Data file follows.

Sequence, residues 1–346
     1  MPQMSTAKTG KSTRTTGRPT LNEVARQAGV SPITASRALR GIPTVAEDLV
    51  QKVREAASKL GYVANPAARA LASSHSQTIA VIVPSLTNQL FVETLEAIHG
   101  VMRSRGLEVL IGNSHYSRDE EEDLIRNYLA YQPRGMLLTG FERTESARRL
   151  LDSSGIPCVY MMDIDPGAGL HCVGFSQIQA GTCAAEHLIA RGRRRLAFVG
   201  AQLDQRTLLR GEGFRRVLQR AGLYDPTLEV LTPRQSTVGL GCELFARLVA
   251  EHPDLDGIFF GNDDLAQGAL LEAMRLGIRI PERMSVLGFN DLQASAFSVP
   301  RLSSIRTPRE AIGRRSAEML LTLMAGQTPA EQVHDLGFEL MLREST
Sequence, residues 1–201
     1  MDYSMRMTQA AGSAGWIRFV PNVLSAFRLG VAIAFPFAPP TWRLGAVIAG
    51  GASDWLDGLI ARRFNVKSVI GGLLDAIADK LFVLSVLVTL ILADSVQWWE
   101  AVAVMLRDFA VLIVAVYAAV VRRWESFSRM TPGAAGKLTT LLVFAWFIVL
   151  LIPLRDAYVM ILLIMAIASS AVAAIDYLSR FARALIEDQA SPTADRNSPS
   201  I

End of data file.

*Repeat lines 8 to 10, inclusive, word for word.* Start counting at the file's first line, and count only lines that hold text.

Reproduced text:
   301  RLSSIRTPRE AIGRRSAEML LTLMAGQTPA EQVHDLGFEL MLREST
Sequence, residues 1–201
     1  MDYSMRMTQA AGSAGWIRFV PNVLSAFRLG VAIAFPFAPP TWRLGAVIAG